Tuesday, March 30, 2010

Patently Absurd?



Last May, the American Civil Liberties Union and the Public Patent Foundation filed suit against Myriad Genetics, charging that their patent on the BRCA genes was unconstitutional. Also last May (not knowing that I do, in fact, carry the gene), I asked Clark to write a little bit about his thoughts on the case. I'll sum it up for you- patents are good, money from patents make the discovery of genes like BRCA possible and cancer is bad. Oh and this case will probably go away.

Well, it turns out the case didn't go away and yesterday a federal court nullified Myriad's patents. The whole 156-page ruling can be found here and here are some links to the analysis of the decision written by people who know more about it than me. If Clark weren't busy at trial in Washington, I'd probably bug him to write another guest post. This will have to do for now:





I'm not going to pretend to have any understanding of the legal implications of this ruling, but I do have a few concerns as a BRCA carrier.

If the ruling stands, a lot can change. It's likely that the test will be more readily available and perhaps cheaper. Right now, Myriad holds a monopoly on testing for the deleterious mutations in these genes. If you test positive and want a second opinion, tough luck. Also, in the absence of competition, Myriad charges $3000 for the screening tests. What these articles don't mention is that insurance will often cover the cost of the test (if you have a family member who carries the gene) and often research facilities such as the Huntsman Institute in Salt Lake City and the Arizona Cancer Center will test you for free or for a much smaller fee. I haven't come across anyone who has actually paid $3000 to have the test.

I'm all for bringing the cost of the test down- it's the readily available part that scares me. Will the quality of the test go down? Will the test be made available to people who don't need it? Will women demand to be tested so "they can have insurance pay for their boob job?" (Yeah, someone actually approached me about that one. I told her I would personally pay for her boob job if it meant I didn't have to have this gene.)

Are Primary Care Providers (who might start performing the test out of their offices) qualified to prepare you for the impact of a positive result? My answer is a resounding NO. Genetic counseling is essential and ought to be required for anyone seeking to understand their genetic predisposition to a disease. I shudder to think of unqualified doctors testing women and sending them off to make important life and boob altering decisions without really knowing the facts.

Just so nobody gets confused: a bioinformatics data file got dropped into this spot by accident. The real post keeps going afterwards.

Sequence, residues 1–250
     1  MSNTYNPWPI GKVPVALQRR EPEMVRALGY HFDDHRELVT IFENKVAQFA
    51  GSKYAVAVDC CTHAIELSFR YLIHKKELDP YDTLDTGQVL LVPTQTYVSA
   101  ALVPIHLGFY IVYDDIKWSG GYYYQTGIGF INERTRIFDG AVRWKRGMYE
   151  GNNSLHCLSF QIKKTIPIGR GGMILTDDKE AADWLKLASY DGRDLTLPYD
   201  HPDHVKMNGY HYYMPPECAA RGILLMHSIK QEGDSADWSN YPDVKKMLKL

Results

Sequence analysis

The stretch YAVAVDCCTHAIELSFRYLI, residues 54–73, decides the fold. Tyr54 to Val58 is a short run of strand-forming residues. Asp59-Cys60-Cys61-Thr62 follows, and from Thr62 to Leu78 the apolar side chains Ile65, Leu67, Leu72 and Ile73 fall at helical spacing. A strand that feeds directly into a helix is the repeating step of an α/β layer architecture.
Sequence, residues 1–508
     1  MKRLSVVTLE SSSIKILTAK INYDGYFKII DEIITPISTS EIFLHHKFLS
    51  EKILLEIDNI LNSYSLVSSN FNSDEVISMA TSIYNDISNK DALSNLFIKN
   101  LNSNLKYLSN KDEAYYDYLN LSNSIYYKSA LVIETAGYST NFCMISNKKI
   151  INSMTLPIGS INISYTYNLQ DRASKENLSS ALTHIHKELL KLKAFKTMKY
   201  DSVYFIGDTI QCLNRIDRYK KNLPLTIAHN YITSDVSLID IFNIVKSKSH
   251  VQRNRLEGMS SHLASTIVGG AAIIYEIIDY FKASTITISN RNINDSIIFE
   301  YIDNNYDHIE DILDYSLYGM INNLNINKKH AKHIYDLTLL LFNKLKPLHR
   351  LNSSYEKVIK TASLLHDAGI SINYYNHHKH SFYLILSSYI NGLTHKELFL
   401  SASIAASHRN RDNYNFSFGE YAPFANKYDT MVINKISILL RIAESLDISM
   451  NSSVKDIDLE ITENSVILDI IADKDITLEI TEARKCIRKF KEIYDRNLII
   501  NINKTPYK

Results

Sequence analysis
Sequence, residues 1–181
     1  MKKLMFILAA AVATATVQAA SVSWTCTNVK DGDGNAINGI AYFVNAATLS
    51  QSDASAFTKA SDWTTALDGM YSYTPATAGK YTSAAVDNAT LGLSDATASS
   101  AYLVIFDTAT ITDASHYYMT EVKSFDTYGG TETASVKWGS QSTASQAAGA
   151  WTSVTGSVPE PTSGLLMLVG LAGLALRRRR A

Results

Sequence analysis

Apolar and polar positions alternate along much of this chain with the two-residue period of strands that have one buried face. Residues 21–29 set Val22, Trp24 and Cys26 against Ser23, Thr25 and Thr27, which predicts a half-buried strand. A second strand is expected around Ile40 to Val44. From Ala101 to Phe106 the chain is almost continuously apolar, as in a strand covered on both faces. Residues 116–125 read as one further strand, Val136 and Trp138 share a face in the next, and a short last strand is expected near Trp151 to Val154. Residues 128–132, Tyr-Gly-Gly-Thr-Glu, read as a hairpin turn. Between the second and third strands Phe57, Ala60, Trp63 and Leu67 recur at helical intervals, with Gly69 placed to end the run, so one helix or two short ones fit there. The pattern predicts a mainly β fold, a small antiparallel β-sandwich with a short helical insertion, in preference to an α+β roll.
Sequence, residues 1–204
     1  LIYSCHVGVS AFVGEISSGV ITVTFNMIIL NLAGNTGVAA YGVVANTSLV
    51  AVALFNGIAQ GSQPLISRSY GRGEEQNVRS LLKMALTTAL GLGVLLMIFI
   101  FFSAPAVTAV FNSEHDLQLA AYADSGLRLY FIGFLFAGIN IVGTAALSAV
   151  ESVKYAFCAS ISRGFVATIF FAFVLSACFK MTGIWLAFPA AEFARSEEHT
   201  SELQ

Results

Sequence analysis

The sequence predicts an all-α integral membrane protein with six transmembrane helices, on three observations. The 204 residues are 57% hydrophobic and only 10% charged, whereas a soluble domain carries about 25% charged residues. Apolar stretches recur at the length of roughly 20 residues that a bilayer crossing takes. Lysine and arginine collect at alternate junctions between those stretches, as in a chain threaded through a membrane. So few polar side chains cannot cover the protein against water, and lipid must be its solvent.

It's not clear yet what effects this ruling will have on the future of genetic testing. I'm really hoping that it might open the avenues for further research on the BRCA gene and spur advancement in the prevention of hereditary cancers. One thing I repeatedly hear from my doctors is that science is always moving forward and things will be different in ten years. Whichever way the ruling eventually falls (I'm assuming that Myriad is going to appeal the decision), I really hope that's true.


**I ended up bugging Clark anyways and here are his two cents**

I would only add this link to a patent blog that I follow. It cites the most interesting language in the opinion and notes that this thing is likely to be reversed by the Federal Circuit (the appeals court for patent issues). None of the patent people I know can imagine the Federal Circuit invalidating gene patents - especially not under this kind of rationale. I can't really see the Supreme Court upholding it either. In my opinion, this is the kind of crap that gets churned out when English majors issue patent decisions. A lot of the judges on the Supreme Court are English majors, though, so we'll see what happens.

2 comments:

Jennifer Singer said...

I was just going to email you about this. There was a story on NPR yesterday afternoon about this and I immediately thought of you. I'm interested to see where this goes from here.

Emily said...

Wow, I had no idea! How interesting.